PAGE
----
“Earth Porn”: How to Consume One Planet At the Age of Social Media

Canary Sky Time lapse Video by Daniel Lopez  - Time-lapse video are a growing form of “earth porn” many places – from cities to countries – use to promote themselves on the internet

What it is called “Earth Porn” is hard to miss on the web. Our social media timelines are invaded by “most beautiful pictures of earth” posts,  ”27 surreal places to see before you die” slideshow and more “unbelievable cool places that really exist“. It is pretty nice to see people having some curiosity for landscapes, exotic places and other kinds of environments. It is also fantastic to be able to virtually see so many places our ancestors probably never had a chance to know about in their entire lifetime.

It remains however a very superficial and consummating way of “seeing” the earth. Every picture has to be more “amazing”, “fantastic” and “unbeliveable” than the previous one. As soon as you’ve looked at one photo set, the only thing you want to do is to click for more. “Places” can go viral one day, be seen and “liked” by hundreds of thousands of people and be completely forgotten, “out of date” the next day.

Once the picture has been seen, the place has been consumed. It is time to move on to the next one.

 

If the picture is not “new” anymore, it becomes useless to social media users, all fighting to get some attention and followers by posting continuously “amazing picture” photo streams. So, it is a photo contest more than a competition between real places.

“Earth porn” reduces places to pictures.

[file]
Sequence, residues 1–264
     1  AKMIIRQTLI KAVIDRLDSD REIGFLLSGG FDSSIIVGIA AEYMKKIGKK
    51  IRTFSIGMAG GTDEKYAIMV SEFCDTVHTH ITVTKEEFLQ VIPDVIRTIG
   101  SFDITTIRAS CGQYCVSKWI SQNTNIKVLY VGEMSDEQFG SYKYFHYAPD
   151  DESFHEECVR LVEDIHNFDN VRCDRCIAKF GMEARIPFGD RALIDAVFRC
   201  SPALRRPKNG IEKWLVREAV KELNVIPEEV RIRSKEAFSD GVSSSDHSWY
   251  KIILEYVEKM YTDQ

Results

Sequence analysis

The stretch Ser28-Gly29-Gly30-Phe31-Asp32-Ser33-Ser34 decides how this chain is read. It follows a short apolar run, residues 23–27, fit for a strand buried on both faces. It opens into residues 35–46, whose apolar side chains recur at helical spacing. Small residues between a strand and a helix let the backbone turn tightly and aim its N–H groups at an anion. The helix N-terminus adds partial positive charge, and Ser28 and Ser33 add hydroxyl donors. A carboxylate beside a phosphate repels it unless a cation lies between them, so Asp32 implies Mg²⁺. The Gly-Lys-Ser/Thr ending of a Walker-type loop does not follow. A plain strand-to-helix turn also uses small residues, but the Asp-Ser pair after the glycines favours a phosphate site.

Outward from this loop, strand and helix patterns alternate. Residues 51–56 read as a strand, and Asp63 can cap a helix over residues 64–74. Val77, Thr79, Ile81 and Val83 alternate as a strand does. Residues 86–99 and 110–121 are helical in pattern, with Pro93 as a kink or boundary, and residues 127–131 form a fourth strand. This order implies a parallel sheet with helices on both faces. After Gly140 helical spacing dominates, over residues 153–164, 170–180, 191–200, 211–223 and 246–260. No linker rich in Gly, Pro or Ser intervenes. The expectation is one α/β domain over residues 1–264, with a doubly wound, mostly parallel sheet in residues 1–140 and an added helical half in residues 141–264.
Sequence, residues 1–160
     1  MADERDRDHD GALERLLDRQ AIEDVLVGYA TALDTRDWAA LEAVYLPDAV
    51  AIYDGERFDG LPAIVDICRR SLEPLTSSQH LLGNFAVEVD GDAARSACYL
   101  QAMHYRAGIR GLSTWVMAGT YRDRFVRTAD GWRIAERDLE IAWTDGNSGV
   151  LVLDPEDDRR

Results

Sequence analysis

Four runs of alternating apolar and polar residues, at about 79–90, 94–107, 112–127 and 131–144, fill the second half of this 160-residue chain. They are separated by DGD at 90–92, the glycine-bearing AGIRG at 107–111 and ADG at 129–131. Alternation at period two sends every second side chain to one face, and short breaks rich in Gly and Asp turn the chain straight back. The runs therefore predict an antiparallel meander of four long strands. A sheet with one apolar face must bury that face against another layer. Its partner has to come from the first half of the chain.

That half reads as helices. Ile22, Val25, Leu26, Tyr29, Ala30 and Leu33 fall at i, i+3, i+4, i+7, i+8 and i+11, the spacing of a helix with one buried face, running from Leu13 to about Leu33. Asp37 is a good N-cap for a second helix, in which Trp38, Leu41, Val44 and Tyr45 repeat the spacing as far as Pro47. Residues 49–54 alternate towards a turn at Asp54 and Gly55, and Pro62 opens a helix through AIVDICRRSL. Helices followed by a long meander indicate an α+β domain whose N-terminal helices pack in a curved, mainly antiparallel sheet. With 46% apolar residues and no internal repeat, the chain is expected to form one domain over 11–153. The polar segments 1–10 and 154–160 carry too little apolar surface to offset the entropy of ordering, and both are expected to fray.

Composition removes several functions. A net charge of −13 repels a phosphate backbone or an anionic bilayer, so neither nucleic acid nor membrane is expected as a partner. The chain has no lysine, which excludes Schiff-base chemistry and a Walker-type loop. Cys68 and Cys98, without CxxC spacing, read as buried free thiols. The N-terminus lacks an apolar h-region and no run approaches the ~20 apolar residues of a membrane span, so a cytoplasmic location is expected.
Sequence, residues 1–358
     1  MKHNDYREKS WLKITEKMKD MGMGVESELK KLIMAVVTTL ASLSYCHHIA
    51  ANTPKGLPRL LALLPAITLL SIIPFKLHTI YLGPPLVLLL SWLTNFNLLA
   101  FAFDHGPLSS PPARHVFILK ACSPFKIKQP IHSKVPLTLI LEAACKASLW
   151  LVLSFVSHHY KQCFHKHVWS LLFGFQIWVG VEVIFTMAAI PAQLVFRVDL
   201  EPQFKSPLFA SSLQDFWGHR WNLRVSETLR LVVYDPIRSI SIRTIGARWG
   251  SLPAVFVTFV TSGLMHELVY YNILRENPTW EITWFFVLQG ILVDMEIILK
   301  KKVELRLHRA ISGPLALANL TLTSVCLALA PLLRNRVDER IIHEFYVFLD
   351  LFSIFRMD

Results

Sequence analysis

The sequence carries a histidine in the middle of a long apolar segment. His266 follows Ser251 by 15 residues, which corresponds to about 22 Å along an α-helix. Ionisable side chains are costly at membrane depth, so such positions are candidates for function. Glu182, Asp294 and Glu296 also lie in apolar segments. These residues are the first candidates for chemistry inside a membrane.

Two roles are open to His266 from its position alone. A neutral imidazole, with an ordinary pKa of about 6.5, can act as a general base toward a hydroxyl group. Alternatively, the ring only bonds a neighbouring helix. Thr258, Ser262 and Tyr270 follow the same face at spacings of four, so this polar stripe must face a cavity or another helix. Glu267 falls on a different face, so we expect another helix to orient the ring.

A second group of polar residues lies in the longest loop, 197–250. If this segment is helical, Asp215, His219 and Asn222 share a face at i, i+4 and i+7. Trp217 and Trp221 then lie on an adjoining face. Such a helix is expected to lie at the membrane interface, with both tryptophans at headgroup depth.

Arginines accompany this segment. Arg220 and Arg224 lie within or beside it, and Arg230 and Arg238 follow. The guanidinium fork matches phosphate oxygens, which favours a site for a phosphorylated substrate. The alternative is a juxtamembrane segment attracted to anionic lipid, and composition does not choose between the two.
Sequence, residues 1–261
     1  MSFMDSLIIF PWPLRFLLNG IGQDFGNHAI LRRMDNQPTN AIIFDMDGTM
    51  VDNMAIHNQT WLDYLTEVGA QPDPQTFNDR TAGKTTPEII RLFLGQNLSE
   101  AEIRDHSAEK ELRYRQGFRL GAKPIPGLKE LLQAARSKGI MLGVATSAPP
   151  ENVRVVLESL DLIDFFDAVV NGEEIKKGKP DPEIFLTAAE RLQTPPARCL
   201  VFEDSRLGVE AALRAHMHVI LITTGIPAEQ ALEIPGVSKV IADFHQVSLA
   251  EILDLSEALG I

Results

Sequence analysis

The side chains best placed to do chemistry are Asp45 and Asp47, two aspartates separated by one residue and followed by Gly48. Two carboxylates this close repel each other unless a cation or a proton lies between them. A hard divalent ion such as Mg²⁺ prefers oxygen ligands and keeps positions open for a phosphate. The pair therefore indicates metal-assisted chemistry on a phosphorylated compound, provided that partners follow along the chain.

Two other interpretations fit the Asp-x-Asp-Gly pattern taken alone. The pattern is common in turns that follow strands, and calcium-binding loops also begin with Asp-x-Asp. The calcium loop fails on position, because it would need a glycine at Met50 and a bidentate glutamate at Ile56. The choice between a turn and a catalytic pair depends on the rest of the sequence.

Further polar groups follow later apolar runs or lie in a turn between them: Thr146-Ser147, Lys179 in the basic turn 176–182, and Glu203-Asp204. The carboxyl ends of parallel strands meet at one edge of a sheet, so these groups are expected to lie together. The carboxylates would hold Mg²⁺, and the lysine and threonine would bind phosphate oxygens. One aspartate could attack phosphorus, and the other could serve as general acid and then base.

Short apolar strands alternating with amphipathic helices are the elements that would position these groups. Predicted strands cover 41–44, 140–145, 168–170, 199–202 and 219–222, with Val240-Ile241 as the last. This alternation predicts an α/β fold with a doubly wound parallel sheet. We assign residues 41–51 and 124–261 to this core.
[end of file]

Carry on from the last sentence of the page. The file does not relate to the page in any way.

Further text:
On those pictures, places are emptied of all their meaning, historical and cultural context. What people “like” (when they click on the so-called button) is not a real place – no one really cares about where it is, for that matter – it is a product, a brand, a feeling of adventure that is embedded in a photoshoped poster.

Places are not the real heroes of those pictures. They are just like sexy models posing on perfume ads: selling arguments. There are many meanings implied in such pictures, mainly emphasizing the positive aspects of travelling and adventure. “Making the world your amusement park” is pretty much the message.

Just like feminists fighting against smooth and edited pictures of unrealistic perfect women, geographers (and anyone who cares) should be aware of the possible damages “earth porn” can cause to real places, and real people. It is great to have access to such beautiful images, be able to share them, get inspired by them, but we must remember they are just pictures. They are the canvas on which we project our dreams and our feelings when looking at them… so the place on the picture becomes much more than just a random beautiful place to the viewer. Thing is, real places are never neutral. 

Real places have a history, people with a specific culture and specific concerns that might not leave a lot of space for yours when you will get there, dreaming about that one picture you saw online.

 

At some point, the main risk here is to end up with people transforming places to make them fit the picture. That is what happened to any spot where the Lord of the Ring was shot in New Zealand, to name just one example.

Don’t get this wrong. Of course, “earth porn” seems pretty harmless. Sharing pictures of beautiful waterfall in Mexico does not hurt anyone… but it does spread a vision of our planet as a catalogue of sexy “postcard” destinations, always sunny always perfect, always accessible, always “buyable”. Yet, places are not always like this. Just like the people who are making them, they change, and everyone coming here will take a different picture of it, that probably wont match with the catalogue one.

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